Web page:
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Kawasaki/Racer X Race Report: San Francisco

There seem to be two different types of supercross races. In one, a rider is simply much faster than everyone else. He gets a decent start and gets to the front of the pack quickly, and then he leaves everyone behind, pulling away and riding smooth to an easy win.

The other scenario doesn’t happen quite as often, but it’s amazing when it does. In this scenario, riders are evenly matched, and they use strategy and smarts to win the races. Everyone has their good and bad moments during the race, and the outcome is in doubt throughout. Everyone waits for their moment to make it happen, and finally, when it does, the crowd is left exhausted from cheering for so long.

Scenario two took place tonight in San Francisco. It was awesome battle between San Manuel Band of Mission Indian Yamaha’s Chad Reed, Monster Kawasaki’s James Stewart and Makita Suzuki’s Ricky Carmichael, and ultimately it was Carmichael who came out on top, much to the delight of the fans who got to see him race his last supercross in California. Even after a week off, Ricky still had it.

Photo by PK

But it wasn’t just the fact that RC won it, it was how he won it that made the fans even happier. This was an epic battle between the supercross big three, and indeed you know it’s good when you hear Carmichael claim he “didn’t even want to get into the lead until later, not until at least lap ten.” And Stewart, who finished second, said, “I was just experimenting with my lines. I knew it was going to be a long race.”

 Indeed all three sensed this were well aware of how this race would go. “I could feel it getting tense. It was exciting,” said Reed. Reed pulled the $1500 Progressive Direct holeshot while Stewart and Carmichael soon took over second and third. The track was rough and rutted and everyone made their share of mistakes. Reed had the first rhythm section dialed and used it to keep Stewart at bay early. Eventually Stewart charged and got next to him and pulled off a pass, but then Stewart made an error in that rhythm section and Reed got him back. Then Reed ran into Eric Sorby, who was going a lap down and for some reason chose to hold Reed up, and Stewart took the lead back. Then Stewart crashed when his pegs dug into the bottom of a deep set of ruts, and Reed had the lead back again.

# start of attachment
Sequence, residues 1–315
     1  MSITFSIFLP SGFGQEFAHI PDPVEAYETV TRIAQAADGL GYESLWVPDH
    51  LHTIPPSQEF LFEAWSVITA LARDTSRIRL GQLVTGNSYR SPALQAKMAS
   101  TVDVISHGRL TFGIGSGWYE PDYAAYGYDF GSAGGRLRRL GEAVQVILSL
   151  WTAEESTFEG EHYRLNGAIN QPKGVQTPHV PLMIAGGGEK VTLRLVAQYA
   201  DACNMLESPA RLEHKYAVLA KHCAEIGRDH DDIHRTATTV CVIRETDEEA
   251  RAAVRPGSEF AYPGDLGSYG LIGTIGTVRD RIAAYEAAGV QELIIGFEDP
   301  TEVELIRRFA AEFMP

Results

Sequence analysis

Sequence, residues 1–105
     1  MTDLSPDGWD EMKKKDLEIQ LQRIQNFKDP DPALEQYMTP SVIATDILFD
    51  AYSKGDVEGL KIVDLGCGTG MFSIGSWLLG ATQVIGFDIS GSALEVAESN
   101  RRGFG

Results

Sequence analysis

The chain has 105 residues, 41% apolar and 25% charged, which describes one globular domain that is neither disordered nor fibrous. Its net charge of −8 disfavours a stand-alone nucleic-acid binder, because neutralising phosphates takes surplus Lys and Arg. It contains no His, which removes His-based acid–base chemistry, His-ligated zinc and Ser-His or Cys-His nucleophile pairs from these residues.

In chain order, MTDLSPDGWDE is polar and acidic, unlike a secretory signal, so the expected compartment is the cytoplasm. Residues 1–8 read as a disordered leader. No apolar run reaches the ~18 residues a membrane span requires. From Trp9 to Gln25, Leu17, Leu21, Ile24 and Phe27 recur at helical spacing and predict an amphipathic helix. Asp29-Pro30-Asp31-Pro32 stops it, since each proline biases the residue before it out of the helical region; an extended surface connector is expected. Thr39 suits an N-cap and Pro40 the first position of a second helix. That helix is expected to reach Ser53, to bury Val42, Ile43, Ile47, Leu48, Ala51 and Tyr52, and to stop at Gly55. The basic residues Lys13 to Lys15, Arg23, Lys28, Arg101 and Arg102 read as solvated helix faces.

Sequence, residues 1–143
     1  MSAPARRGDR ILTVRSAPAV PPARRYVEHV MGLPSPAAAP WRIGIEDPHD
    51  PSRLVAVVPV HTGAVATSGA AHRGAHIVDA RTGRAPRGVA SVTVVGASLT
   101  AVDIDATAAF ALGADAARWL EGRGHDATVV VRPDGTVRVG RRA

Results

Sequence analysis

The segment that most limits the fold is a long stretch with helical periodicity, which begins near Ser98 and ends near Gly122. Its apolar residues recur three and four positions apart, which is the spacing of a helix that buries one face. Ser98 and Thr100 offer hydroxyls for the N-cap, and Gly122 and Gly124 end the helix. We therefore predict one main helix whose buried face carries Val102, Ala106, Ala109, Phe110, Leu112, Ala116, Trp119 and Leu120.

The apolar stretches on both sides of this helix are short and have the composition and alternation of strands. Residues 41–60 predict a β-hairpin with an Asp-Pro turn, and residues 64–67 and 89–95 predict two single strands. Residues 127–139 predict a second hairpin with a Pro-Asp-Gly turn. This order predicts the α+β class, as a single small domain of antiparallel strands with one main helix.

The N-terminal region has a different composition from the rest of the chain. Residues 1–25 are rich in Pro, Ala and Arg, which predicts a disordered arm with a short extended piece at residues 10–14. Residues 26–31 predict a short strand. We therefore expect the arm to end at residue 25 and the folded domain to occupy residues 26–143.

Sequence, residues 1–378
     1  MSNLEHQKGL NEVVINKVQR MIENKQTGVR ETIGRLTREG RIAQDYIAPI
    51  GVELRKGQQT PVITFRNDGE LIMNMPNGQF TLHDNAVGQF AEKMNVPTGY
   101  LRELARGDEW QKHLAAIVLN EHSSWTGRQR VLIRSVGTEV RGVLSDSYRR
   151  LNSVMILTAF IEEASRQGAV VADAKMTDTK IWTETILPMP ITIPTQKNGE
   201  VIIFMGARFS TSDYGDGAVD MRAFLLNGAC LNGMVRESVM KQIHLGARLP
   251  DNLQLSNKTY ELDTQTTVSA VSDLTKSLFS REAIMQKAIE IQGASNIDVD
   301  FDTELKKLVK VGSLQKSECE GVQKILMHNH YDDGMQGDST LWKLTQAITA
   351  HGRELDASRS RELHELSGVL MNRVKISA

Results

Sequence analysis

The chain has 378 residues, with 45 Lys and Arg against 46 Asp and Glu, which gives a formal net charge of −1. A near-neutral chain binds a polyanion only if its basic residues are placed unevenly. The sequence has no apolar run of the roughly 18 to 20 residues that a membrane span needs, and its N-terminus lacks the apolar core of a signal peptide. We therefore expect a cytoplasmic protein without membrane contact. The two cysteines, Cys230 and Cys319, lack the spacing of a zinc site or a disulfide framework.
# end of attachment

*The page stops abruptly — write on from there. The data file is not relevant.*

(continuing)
Sorby gives his friend James a little help.

 It was wild and it was exciting, and Carmichael just sat back there and waited for it all to unfold. “I got a little worried when James got into the lead, but I was just waiting for it to come to me.”

With Stewart down, Carmichael went after Reed, and Reed seemed to slow just a bit. “He seemed to be laboring in his corners,” explained Carmichael. “I don’t know if he got winded or what.” Either way, Carmichael was able to get inside of Reed, and then Reed grabbed a handful of throttle around the outside of a corner and launched right off the track. For the first ten laps, Reed had looked steady, but now he and Stewart had tasted the damp San Fran soil and Carmichael had the lead. Stewart was able to mount one more charge on Carmichael, but lappers eventually slowed his pace enough in the rhythm sections to cost him a shot at a late-race rally for the win. Carmichael held on for a popular and exciting victory.

Stewart was second and Reed was third, and he was much closer to the battle here than he was at the last four races. It’s encouraging for him, and just at the right time since Carmichael is taking time off again after this and won’t rejoin the series until Atlanta.

We can only hope the racing remains even half this good until then.

As long as Ryan Villopoto is around to dominate, you just can’t expect the same level of competition in the Lites class. RV quickly passed his teammate Chris Gosselaar to take the lead and check out (supercross scenario one). Gosselaar then rode under pressure from Red Bull KTM’s Martin Davalos, but then crashed, and Davalos was left with no choice but to plow into him and go down himself. This opened the door for the Sobe/Samsung Mobile Honda teammates, Josh Grant and Jake Weimer, who ended up second and third for their first podium finishes of the year.

The real fireworks in the Lites class came in the first heat race, when Grant, Josh Hansen and Jason Lawrence exchanged takeouts in the home plate corner of the track, and then Grant purposely tried to block Lawrence when he was getting lapped, and then Lawrence went all crazy after the race and tried to fight Grant, and Hansen, who had already run into Grant earlier, also decided to get in on it. It was wild and offered more action than the main event, which basically featured Villopoto running away from it all. We could expect to see more of the same next week.

 

             

 

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